From what I've seen, you can take a shot with a solar filter (or a sequence if you prefer) and then wait for the sun to move out of the frame to capture the landscape shot. At that point you can layer on the eclipse.

To me, the downside on this one is that the sun will be so high in the sky (at least on the west coast) that the focal length required to get both the sun and the landscape will be so wide as to make the sun too small to be interesting - even if eclipsed.

I'll be
...Show more

Hey Kyle,

The problem is with that type of layering is shooting with the filter will render the sky black, so to then try and blend that in with a landscape shot later that has a blue sky just seems to be heading towards a lot of issues.

I agree, the best approach is to just zoom in probably and not shoot WA.

Jim



Aug 01, 2017 at 02:37 AM
jdc562
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p.1 #7 · p.1 #7 · Aug 21 solar eclipse


You all know how tiny the moon appears in a landscape unless you use a big telephoto lens. Well, it's not going to get any bigger during the eclipse. To expand on what Kyle says, in addition, the few minutes of total eclipse will be high overhead in the sky. (Totality occurs about 10:18am on the West Coast and about 2:47pm on the East Coast.) This will limit the landscape features you can include in the telephoto shot, unless the features are trees, canyon slots, and other nearby, tall objects. Because the land objects are nearby, you will probably have to stack your focussing, fake the composition, or accept a blurred foreground or blurred eclipse. To me, a teeny spot of an eclipse high above a mountain, with a lot of sky in between and around wouldn't be much of an image--but I'd be glad if someone finds a clever way to make a landscape work with this eclipse being a decent size in the frame.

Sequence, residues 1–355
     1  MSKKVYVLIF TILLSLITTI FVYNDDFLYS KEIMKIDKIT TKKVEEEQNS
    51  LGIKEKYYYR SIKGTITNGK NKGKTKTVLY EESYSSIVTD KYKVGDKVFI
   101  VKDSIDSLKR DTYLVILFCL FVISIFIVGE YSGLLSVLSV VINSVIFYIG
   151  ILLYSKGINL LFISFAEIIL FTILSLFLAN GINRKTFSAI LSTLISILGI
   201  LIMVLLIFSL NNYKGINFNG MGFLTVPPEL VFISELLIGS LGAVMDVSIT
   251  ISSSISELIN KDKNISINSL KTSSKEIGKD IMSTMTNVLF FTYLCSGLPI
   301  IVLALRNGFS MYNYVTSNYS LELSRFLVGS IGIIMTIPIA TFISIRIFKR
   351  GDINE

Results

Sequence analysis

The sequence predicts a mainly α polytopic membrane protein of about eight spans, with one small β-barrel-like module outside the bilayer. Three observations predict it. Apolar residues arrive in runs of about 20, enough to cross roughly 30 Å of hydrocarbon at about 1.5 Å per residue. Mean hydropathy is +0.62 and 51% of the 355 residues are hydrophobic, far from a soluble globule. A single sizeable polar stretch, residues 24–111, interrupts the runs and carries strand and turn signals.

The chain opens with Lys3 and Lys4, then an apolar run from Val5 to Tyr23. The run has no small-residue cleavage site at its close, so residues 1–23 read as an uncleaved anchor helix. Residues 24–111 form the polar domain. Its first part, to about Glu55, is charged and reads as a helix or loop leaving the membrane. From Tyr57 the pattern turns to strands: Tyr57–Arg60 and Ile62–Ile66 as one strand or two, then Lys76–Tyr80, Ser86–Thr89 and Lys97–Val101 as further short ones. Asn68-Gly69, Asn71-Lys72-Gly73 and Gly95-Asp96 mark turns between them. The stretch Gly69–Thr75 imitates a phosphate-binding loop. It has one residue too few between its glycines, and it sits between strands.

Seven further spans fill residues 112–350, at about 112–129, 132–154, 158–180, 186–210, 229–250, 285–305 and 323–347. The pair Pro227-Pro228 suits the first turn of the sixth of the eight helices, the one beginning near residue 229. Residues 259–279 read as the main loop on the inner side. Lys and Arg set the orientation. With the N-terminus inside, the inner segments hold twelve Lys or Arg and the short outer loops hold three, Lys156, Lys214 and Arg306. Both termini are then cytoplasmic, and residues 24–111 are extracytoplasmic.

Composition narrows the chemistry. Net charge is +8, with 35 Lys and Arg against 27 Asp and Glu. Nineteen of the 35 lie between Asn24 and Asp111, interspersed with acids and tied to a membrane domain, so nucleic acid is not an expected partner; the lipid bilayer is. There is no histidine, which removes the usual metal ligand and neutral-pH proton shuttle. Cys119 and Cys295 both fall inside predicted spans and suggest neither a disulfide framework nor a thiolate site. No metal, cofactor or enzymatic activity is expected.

Aug 01, 2017 at 03:58 AM
Greg Campbell
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p.1 #8 · p.1 #8 · Aug 21 solar eclipse


Hoping to be fairly high up in the mountains, with a view of at least some distant horizons. As I understand it, the effect of viewing the distant, brightly lit land is sorta similar to a 360 degree sunset. I do plan a 360 pano of the sky. Also thinking of some fill flash shots of relatives, perhaps with the corona high overhead.


Aug 01, 2017 at 05:48 AM
KSgal
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p.1 #9 · p.1 #9 · Aug 21 solar eclipse


I plan on doing both wide angle with one camera, and the zoom in with another, and then blending the frames to enlarge the eclipse without making it look unrealistic. But most of all I'll drop everything at some point half way thru totality and just experience the event. Be stupid to miss it!


Aug 01, 2017 at 02:28 PM
 

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Keith B.
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p.1 #10 · p.1 #10 · Aug 21 solar eclipse


IF my eclipse viewing location is peaceful, not crowded with strangers and under control security-wise, my small collection of 3 digital still cameras will be humming away on intervalometers while I watch totality through binoculars and with the naked eye.
At least one with a wide angle, one with a longish tele(300mm on APS-C), an one TBD. I'll have to reach down to change the shutter speeds on the tele cam during the 2 minutes of totality, if I remember to do it. The long lenses will be pre-focused using a cheap thin-film solar filter.
Oh, and also I hope to run video on an iPhone w/wide converter with a real microphone plugged into it as a video souvenir of the occasion.
I have absolutely no interest in photographing the partial phases, only totality.
There'll probably be way more interesting photos generated on the trip than at the eclipse itself.



Aug 03, 2017 at 09:32 AM
ckcarr